Another scene of a pit of amputated limbs seems to have been influenced by RB Bontecou's photograph "Field Day." And here's the original label for Surgical Photograph 43, Sickle's "Right Tibia and Fibula comminuted by a Cannon Ball."

Upcoming lecture on Medical Museum in NY

What is a sense of place in relation to corporeal subjectivity? If an amputee leaves limb in one place and occupies body in another, how do we define place as rooted by personal location? Likewise if a nation is divided in two by war, what does it mean for a medical museum to display fragments of the bodies of honorable combatants and amputees? How does a museum shape our sense of self, our ideas about nationhood and place, and aid in collective mourning? I argue that the U.S. Army Medical Museum, founded in 1862 during the American Civil War, represented parts of the human body through practices of institutional display and within the pages of sponsored medical publications as both aesthetic objects and medically educational tools. Through an engagement with representations of corporeal fracture in the writings of S. Weir Mitchell and in period photography, lithography, and the field sketches of Winslow Homer, this paper argues that corporeal fracture - made evident within the walls of the U.S. Army Medical Museum and its publications - complicates fixed notions about placement and displacement during and after the American Civil War making living specimens out of some and offering a location for mourning for a nation.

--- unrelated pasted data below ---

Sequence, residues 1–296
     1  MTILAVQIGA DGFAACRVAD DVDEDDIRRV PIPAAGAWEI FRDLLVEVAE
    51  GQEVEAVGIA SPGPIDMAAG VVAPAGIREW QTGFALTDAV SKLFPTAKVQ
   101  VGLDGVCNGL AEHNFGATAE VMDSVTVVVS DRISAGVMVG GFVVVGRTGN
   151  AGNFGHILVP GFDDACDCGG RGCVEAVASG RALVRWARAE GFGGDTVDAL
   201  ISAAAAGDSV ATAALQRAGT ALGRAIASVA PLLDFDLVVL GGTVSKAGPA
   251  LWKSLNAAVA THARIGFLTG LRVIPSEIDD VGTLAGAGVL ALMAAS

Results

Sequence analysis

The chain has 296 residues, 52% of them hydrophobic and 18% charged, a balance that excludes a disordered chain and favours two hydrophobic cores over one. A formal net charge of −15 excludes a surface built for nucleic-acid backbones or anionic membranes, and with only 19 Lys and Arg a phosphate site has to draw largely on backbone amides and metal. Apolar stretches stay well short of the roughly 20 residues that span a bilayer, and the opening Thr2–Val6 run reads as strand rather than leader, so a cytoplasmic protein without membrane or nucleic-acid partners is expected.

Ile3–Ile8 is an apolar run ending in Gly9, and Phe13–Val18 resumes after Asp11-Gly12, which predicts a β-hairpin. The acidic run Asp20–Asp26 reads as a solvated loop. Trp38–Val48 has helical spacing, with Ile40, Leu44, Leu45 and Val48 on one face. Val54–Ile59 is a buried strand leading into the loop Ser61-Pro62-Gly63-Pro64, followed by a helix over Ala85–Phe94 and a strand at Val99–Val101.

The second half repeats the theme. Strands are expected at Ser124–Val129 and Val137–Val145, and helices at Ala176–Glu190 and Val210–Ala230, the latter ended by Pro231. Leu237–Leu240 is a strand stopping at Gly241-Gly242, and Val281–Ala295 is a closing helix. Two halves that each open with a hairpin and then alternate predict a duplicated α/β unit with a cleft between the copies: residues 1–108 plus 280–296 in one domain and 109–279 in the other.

Monday, February 18, 2013